THERE are only two names on Scotland’s remotest memorial – those of brothers William and Alistair Elliot.
But their memory is not forgotten even in the loneliest and most hauntingly beautiful of spots.
The simple stone monument stands, sentry-like, on a commanding hill, casting a shadow on the now empty estate cottage that the brothers grew up in.
Willie Elliot last made the five-mile journey down Loch Glencoul in Sutherland to his uncles’ memorial a couple of years ago.
So remote is the location that, other than a long trek, it has to be made in a former landing craft – itself a veteran of the Gulf War.
Below the brothers’ names on the war memorial, the inscription reads simply: “Their memory will ever be cherished by their sorrowing parents and brothers.”
But today there will be no ceremony at the monument, no tribute to the brothers whose sacrifice – like so many others in rural Scotland – was felt particularly hard in areas that sent all its men to war only for few to return.
Former ghillie Willie, who was named after his uncle, lives in Achfary, the nearest village to the remote cottage.
The 84-year-old ex-Black Watch soldier said:”For many young men it was the first time they had left the Highlands and they did not know what they were letting themselves in for.
“The sacrifice my uncles made – and others – should not be forgotten. Their memorial highlights that the Great War called people from the remotest parts and many did not return to the glens.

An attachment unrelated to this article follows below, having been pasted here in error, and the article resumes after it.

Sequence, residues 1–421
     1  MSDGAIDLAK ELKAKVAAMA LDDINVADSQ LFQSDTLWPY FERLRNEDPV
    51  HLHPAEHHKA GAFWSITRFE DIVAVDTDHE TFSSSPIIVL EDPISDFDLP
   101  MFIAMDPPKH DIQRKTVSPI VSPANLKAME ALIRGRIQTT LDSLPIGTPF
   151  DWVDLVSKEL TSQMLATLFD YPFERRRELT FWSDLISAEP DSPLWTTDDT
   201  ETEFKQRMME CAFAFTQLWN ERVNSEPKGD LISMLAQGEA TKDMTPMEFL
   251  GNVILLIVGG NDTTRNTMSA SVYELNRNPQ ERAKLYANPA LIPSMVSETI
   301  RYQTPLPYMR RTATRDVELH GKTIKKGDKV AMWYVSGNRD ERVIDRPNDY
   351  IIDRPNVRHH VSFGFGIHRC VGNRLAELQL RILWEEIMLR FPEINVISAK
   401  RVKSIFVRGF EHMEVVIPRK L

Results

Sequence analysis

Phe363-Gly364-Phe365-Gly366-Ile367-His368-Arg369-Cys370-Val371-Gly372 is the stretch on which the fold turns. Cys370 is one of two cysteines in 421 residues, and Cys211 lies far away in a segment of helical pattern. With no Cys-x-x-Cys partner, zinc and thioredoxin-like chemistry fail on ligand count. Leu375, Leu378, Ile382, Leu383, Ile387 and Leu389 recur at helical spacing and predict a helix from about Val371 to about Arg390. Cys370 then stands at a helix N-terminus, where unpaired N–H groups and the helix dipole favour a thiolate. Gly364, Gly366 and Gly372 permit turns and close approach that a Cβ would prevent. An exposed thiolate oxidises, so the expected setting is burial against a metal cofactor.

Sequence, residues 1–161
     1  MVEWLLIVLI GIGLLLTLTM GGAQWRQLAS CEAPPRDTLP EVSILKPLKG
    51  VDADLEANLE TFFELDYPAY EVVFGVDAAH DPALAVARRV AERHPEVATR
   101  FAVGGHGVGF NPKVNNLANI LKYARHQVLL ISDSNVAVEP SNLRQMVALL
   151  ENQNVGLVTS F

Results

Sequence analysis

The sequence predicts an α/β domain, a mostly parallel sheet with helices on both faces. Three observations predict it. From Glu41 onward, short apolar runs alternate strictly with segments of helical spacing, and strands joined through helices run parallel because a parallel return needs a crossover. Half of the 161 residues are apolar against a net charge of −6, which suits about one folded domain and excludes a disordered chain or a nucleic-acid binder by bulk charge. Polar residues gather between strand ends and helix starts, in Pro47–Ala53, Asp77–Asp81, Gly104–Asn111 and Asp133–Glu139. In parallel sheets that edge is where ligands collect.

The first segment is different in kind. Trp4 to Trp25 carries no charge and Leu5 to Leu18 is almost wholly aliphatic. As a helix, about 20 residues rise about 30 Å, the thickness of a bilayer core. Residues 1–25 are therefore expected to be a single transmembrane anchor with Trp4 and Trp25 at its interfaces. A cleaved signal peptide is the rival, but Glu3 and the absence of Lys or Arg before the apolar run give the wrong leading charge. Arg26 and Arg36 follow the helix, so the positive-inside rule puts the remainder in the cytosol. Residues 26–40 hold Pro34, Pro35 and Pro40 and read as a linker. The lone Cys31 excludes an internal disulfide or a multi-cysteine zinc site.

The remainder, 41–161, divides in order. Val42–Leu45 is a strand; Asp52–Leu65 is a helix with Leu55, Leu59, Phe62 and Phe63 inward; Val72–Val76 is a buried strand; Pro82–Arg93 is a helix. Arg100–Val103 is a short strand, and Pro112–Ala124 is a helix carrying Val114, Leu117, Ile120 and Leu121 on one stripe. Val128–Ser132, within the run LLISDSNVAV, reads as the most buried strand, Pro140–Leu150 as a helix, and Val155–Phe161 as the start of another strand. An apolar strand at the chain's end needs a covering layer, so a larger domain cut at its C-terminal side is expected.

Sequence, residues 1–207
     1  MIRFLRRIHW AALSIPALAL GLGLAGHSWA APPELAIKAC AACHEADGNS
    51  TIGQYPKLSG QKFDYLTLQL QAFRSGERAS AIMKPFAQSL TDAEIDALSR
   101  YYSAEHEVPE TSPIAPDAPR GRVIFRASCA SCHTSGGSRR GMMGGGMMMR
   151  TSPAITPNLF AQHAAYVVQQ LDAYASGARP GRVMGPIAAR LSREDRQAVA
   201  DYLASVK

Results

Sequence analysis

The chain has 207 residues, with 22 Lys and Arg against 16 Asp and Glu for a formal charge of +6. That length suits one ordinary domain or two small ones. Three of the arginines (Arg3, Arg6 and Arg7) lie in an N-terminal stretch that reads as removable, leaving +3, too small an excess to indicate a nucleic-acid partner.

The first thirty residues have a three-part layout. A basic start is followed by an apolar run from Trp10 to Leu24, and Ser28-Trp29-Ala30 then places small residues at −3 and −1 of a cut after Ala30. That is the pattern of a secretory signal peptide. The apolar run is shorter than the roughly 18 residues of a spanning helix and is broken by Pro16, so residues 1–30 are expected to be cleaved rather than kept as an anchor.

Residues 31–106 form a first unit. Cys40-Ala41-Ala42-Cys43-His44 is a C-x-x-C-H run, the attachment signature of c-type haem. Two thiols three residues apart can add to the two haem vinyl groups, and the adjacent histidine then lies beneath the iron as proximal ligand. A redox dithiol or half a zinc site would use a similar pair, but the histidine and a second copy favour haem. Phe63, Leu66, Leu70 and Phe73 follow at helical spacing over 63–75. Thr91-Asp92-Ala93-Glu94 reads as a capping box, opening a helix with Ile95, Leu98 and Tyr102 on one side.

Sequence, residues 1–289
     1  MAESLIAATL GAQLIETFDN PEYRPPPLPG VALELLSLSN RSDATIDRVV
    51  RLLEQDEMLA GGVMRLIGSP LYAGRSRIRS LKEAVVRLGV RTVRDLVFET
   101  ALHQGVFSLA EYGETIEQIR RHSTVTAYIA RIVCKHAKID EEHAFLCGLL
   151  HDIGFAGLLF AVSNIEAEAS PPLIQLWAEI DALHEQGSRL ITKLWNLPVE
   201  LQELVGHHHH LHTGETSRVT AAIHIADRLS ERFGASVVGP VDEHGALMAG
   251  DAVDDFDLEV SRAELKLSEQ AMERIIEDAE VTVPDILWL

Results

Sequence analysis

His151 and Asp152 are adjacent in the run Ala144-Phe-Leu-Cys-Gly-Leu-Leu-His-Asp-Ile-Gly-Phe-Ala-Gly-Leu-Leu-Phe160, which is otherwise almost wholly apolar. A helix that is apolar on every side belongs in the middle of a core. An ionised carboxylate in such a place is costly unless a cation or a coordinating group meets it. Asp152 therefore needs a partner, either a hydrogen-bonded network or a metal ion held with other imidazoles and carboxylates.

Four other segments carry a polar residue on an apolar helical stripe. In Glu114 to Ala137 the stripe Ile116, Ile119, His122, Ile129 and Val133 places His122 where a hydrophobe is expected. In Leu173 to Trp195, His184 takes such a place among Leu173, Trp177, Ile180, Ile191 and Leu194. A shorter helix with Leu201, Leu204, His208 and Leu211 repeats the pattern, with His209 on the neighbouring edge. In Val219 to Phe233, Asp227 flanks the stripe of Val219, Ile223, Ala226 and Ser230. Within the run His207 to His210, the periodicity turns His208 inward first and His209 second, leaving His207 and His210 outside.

“The war touched everywhere, even places like here. Like the Second World War, it influenced villages in the Highlands for generations. That is especially true of my uncles.
“Of five sons, the eldest four were all called up. For a long time I had my uncle William’s silver cigarette case presented to him in gratitude by his men. I have now given it to one of my young relatives as a reminder of his sacrifice.
“My father, John David, was injured and carried a piece of shrapnel in his face all his life. His brother Matthew was gassed and it affected his breathing when the weather was cold. But it was the two older brothers who paid the ultimate price. I don’t think the younger generation is forgetting. The internet has helped play its part in that. They do care.
“I would like to go to the memorial again, if my health allows. We should never forget.”
Willie’s uncle William was a stalker on the Reay Estate when he was called up to serve with the Cameron Highlanders.
He travelled to France, later being sent to Gallipoli. He had been serving with the 2nd Entrenching Battalion, a holding unit for men returning to the trenches after being in hospital, when an influenza outbreak struck.
William, 25, died of pneumonia on March 29, 1917, and was buried at Longuenesse Souvenir Cemetery in St Omer, France.
Alistair, 24, had left Glencoul and was working as a clerk with the Bank of Scotland in Glasgow when the war began.
He was called up to join the Glasgow Highlanders before becoming part of the Highland Light Infantry, where he served as a lance corporal. He died on April 12, 1918, at Neuve Eglise, Belgium.
Although his body was never recovered, his name is listed on the Ploegsteert Memorial in Belgium.
William and Alistair were born a year apart. Their parents, John and Margaret, moved into the two-storey house after shepherd John took a job as a deer stalker.
Rather than them having to travel miles to school, the then Duke of Westminster arranged for a small schoolhouse to be built on to the side of their family cottage, including a room for the teacher to live. The second duke paid for the memorial.
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